Unilever

Unilever gets serious about influencer fraud

For years, brands have continued to up their spend on influencer marketing despite risks such as fraud and scandal and, arguably, they have had good reason to do so.

After all, consumers, particularly young consumers, are often most easily reached via social media, where they’ve embraced and made stars of a new generation of celebrities.

Unilever fires a shot across the bow of Google and Facebook, but is it all bark and no bite?

Recent history hasn’t been so nice to Google and Facebook.

In the wake of a growing number of scandals involving fake news and high-profile content creators that publish through their platforms, the two digital behemoths have found themselves facing scrutiny and scorn from the public, politicians and advertisers at a level they haven’t experienced previously.

A closer look at Dove’s anti-sexism #MyBeautyMySay campaign

For its latest campaign, Dove has teamed up with former gymnast Shawn Johnson to shed light on the sexism that female athletes are subjected to.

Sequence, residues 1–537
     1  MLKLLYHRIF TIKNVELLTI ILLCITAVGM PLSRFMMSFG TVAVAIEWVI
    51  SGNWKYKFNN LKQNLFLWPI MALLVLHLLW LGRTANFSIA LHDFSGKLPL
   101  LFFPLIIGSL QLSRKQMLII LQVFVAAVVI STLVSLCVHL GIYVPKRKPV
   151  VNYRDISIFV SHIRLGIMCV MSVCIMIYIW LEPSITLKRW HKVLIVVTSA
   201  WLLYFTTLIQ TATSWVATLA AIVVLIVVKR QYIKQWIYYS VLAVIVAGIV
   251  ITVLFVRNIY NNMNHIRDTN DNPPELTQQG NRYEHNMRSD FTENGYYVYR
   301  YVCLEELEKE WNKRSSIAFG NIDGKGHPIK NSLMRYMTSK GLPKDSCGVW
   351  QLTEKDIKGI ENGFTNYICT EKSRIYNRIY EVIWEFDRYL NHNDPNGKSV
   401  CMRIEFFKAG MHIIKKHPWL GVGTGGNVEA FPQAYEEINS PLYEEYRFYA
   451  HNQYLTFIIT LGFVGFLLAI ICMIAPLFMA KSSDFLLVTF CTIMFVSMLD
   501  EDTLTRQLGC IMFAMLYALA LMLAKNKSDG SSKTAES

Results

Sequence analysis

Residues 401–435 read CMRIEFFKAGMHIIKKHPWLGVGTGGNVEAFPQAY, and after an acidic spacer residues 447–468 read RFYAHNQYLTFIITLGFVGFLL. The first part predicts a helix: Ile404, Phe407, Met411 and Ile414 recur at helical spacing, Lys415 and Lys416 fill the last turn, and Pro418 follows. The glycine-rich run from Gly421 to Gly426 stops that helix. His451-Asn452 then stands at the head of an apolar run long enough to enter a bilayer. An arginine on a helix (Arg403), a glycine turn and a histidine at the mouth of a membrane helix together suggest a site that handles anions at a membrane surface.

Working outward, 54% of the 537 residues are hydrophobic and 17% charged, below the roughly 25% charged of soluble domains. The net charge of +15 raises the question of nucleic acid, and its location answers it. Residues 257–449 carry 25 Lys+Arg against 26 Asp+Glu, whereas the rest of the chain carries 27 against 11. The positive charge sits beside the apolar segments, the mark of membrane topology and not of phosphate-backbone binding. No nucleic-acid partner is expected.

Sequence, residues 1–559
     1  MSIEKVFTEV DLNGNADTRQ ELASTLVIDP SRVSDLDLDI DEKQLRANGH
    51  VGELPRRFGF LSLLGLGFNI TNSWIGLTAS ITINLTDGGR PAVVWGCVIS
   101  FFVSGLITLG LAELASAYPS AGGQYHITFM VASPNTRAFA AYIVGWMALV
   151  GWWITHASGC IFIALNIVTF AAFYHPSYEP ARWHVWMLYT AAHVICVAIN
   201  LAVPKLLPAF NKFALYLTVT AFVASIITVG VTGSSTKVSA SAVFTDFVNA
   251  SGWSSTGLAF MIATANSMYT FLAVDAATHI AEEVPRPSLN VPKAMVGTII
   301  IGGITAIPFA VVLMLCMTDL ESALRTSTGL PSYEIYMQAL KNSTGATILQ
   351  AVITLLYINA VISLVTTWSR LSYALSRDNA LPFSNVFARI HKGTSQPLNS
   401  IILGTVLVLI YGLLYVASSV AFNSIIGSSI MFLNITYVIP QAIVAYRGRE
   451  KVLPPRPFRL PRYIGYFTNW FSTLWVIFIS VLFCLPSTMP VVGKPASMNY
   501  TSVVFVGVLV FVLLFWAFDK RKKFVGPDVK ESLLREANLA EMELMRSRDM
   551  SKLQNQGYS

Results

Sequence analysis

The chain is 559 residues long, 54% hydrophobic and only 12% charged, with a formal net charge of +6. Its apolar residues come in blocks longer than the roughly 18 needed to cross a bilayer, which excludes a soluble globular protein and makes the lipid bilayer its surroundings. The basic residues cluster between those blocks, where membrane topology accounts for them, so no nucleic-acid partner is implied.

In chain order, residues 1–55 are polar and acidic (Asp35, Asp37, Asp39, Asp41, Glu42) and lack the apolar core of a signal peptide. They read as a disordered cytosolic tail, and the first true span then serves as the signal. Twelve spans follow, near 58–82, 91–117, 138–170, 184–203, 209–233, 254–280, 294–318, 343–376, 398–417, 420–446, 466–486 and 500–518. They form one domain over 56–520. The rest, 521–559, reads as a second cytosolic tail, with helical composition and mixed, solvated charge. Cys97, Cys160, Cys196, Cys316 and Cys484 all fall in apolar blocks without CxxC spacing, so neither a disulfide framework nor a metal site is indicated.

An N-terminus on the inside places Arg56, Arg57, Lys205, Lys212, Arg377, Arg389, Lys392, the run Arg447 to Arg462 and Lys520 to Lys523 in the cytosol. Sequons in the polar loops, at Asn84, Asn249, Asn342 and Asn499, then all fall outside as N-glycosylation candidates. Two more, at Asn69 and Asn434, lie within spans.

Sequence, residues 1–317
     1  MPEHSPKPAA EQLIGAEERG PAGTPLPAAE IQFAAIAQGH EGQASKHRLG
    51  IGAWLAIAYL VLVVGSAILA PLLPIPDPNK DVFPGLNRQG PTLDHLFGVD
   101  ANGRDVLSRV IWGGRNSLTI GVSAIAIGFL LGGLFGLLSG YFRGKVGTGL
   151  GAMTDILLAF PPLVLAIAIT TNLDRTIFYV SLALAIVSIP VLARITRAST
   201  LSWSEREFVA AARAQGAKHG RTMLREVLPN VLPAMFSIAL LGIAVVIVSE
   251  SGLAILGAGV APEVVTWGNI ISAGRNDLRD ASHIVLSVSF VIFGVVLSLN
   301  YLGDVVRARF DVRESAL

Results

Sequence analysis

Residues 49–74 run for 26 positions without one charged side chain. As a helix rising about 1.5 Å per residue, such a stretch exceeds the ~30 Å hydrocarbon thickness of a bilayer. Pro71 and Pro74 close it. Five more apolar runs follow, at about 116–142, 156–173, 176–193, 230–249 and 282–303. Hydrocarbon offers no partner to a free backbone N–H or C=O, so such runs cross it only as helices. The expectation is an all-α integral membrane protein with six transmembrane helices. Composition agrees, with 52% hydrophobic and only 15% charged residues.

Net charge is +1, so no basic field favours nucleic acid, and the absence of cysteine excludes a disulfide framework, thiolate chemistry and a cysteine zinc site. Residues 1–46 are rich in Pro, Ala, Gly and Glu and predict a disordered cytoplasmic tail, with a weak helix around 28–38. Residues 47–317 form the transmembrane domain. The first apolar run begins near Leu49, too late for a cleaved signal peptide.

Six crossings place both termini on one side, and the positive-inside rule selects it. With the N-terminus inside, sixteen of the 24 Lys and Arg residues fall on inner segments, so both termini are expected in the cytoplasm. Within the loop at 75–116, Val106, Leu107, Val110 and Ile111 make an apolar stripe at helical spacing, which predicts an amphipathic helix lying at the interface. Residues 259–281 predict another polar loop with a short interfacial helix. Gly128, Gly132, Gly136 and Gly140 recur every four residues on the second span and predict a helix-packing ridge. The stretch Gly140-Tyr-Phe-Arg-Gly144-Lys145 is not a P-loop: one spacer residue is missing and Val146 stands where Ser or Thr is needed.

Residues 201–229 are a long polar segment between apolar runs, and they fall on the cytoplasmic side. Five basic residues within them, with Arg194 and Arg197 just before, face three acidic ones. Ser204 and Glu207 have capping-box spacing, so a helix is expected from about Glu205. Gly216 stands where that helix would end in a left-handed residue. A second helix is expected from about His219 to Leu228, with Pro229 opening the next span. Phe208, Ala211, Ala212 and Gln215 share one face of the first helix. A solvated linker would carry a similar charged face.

By highlighting how conversation is often centred around beauty and aesthetics rather than athleticism, it is aiming to change the narrative once and for all.

Native advertising: the Guardian Labs way

Guardian Labs began in early 2014 with its aim to work with clients to create sponsored content opportunities.

This is a trend in publishing with BuzzFeed and The Telegraph (and more besides) experimenting with in-house content creation tailored for brands.

The Guardian is seeking to rise above some of the disquiet around native advertising (is it a case of the emperor’s new clothes?) by simply creating transparent sponsored content to a great standard.

Anna Watkins, who heads up Guardian Labs, was speaking at the IAB’s Content Conference and this is what I took from her talk.

For a full intro to native advertising see the new Econsultancy report, Native Advertising: What it means for brands and publishers.

Six delicious YouTube channels from food brands (and two yucky ones)

Like takeaway food, online video can be consumed pretty much anywhere.

Engaging video, with its heritage in television programming and advertising, is eminently sharable through social media, and can be staggeringly successful, or altogether lacking in umami.

So, which brands are using video, and YouTube in particular, to great success? How have these brands approached the creative in shareable content, and who has yet to nail it?